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RE: Discussion #2

How about this approach -- instead of trying to agree on
a definition of a molecule, should we not be trying to clearly
state a reasonable set of chemical views of matter and, where
possible the relationships snd/or transormations among those
views, as has already been started for macromolecules.
The graph-based approaches, chemical formulae, 3-D structures,
charge density maps, residue-based polymeric descriptions,
all have something to say about have various chemical entities
can interact with other chemical entities, which is, after all,
what Chemistry is all about.
     -- Herbert

At 5:47 PM -0500 12/1/03, Bollinger, John Clayton wrote:
>David Brown wrote:
>>      HDF, coming at this problem from a different direction,
>>  expressed shock at the thought that the chemists have no
>>  unique way of defining a molecule.
>>      From what I learned at the workshop, chemists not only
>>  have no unique way of defining a molecule, they don't even
>>  care!  Most of the ontologies
>>  (dictionaries) being developed in chemistry are, like CIF, closely
>>  related to
>>  an experimental technique where the question of defining a
>>  molecule is not important.  Peter Murray-Rust's CML defines a
>>  molecule as a composed of
>>  atoms,
>>  but leaves it to the author to state which atoms.  Miloslav
>>  Nic in Prague is developing GTML (Graph Theory Mark-up
>>  Language) which can be used for molecular descriptions, but
>>  this also assumes that the molecular graph is already known.
>>  properties.  The use of graph theory separates out the
>>  intrinsically chemical concepts from the graph theoretical
>>  description that can be manipulated mathematically.
>>      The bond graph represents a chemical interpretation of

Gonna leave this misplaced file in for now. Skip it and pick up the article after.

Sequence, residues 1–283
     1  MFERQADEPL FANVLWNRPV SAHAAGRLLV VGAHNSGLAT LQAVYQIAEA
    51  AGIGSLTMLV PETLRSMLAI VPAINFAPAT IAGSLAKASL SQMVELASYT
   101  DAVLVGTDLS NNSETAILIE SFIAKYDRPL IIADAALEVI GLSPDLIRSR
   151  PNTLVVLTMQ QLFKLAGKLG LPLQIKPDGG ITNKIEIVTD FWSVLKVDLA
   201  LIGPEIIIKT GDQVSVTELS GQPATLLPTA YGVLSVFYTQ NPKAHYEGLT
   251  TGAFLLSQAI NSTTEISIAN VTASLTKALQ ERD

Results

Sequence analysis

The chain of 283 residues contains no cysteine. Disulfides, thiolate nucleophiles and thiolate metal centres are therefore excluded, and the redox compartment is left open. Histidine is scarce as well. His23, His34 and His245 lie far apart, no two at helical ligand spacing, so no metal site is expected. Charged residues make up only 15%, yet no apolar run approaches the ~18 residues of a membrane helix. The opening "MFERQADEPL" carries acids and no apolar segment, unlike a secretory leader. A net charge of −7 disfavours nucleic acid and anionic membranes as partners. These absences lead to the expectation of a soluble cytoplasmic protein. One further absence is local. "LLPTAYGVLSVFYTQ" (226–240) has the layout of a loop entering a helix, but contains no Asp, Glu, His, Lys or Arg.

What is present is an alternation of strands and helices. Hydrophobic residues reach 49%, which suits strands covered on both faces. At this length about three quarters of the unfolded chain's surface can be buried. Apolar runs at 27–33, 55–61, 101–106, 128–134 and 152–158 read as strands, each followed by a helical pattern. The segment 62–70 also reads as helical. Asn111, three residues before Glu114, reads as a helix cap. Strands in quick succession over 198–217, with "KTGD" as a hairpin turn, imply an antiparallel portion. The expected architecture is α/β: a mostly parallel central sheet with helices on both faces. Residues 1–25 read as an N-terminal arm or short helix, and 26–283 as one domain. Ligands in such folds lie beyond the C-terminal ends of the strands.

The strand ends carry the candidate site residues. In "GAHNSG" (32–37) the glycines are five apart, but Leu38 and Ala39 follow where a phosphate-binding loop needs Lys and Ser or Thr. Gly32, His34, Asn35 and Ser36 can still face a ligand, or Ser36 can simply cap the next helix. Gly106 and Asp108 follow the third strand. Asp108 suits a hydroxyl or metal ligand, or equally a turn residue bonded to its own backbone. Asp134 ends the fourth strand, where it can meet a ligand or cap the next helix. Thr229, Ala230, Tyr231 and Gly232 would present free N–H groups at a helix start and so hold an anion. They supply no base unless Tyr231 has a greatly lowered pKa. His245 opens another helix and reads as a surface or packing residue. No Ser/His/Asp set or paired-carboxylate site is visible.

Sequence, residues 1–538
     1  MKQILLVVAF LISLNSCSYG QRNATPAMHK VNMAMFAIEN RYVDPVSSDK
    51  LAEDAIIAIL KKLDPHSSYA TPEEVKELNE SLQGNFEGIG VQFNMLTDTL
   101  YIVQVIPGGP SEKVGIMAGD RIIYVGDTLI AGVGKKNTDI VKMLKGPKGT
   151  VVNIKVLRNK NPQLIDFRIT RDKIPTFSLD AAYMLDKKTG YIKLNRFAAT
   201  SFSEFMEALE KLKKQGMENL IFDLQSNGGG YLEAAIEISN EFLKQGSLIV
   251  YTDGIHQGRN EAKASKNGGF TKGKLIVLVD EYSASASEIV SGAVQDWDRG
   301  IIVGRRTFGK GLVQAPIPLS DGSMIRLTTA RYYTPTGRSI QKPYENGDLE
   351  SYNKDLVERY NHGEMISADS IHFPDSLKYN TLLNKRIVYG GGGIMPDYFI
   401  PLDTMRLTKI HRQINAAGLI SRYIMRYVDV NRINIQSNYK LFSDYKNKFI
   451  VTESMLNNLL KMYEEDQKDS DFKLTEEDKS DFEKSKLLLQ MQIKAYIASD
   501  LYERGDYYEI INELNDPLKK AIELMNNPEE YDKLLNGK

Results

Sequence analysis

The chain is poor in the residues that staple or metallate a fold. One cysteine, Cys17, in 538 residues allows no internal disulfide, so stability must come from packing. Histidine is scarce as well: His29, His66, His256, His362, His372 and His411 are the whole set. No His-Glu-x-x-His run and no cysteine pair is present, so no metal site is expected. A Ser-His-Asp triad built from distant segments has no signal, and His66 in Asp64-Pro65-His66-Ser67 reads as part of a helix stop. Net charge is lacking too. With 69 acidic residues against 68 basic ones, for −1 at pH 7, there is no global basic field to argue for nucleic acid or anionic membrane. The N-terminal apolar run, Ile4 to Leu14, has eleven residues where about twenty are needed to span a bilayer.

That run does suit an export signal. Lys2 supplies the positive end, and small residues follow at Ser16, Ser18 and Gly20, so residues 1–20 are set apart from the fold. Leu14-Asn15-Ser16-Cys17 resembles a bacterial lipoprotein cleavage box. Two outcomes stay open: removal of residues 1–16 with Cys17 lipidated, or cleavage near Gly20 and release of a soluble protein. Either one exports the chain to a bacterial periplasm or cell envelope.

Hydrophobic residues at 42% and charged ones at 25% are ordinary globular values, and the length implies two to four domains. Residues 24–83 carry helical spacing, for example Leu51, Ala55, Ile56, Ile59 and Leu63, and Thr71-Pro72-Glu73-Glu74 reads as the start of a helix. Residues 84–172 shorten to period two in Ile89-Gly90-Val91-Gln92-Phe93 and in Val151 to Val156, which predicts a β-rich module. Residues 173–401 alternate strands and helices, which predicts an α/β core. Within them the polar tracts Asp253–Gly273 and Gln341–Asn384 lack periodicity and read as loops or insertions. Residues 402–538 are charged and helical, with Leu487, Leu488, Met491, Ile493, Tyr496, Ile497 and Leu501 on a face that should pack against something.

>>  the 3D geometry, i.e., the geometry tells us which atoms are
>>  neighbours but not where the
>>  bonds
>>  are to be found.  The bonds are assigned by applying various rules
>>  relating to
>>  the chemical properties of the atoms.  However, not all bonds
>>  are of equal value; some are clearly stronger than others,
>>  i.e., they survive many of the physical and chemical
>>  treatments we can subject them to such as melting or
>>  dissolution in a solvent.  Weaker bonds do not survive this
>>  treatment.
>  > We can
>  > thus imagine that each of the possible edges in the graph is
>  > associated
>  > with a
>  > number representing its 'strength'.  (The 'strength' would be
>  > zero for the edges that could not possibly represent a
>>  chemical bond).  I will
>>  deliberately
>>  avoid defining in detail what I mean by 'strength', but
>>  qualitatively it represents the number of electron pairs
>>  associated with the bond and it
>>  obeys
>>  (by definition in some treatments) the rule that the sum of
>>  the bond 'strengths' received by any atom is equal to the
>>  number of valence electrons the atom uses for bonding. 
>>  (Implicit in this description is the notion
>>  that a
>>  bond 'strength' is not restricted to integer values).  For
>>  over a century chemists have struggled to find a tight
>>  quantitative definition for bond 'strength' under such names
>>  as bond order, bond number, bond valence, electrostatic bond
>>  strength, etc., each definition trying to capture the concept
>>  in numeric form.  All of these definitions are incomplete in
>>  one way or another, but in principle they allow us to order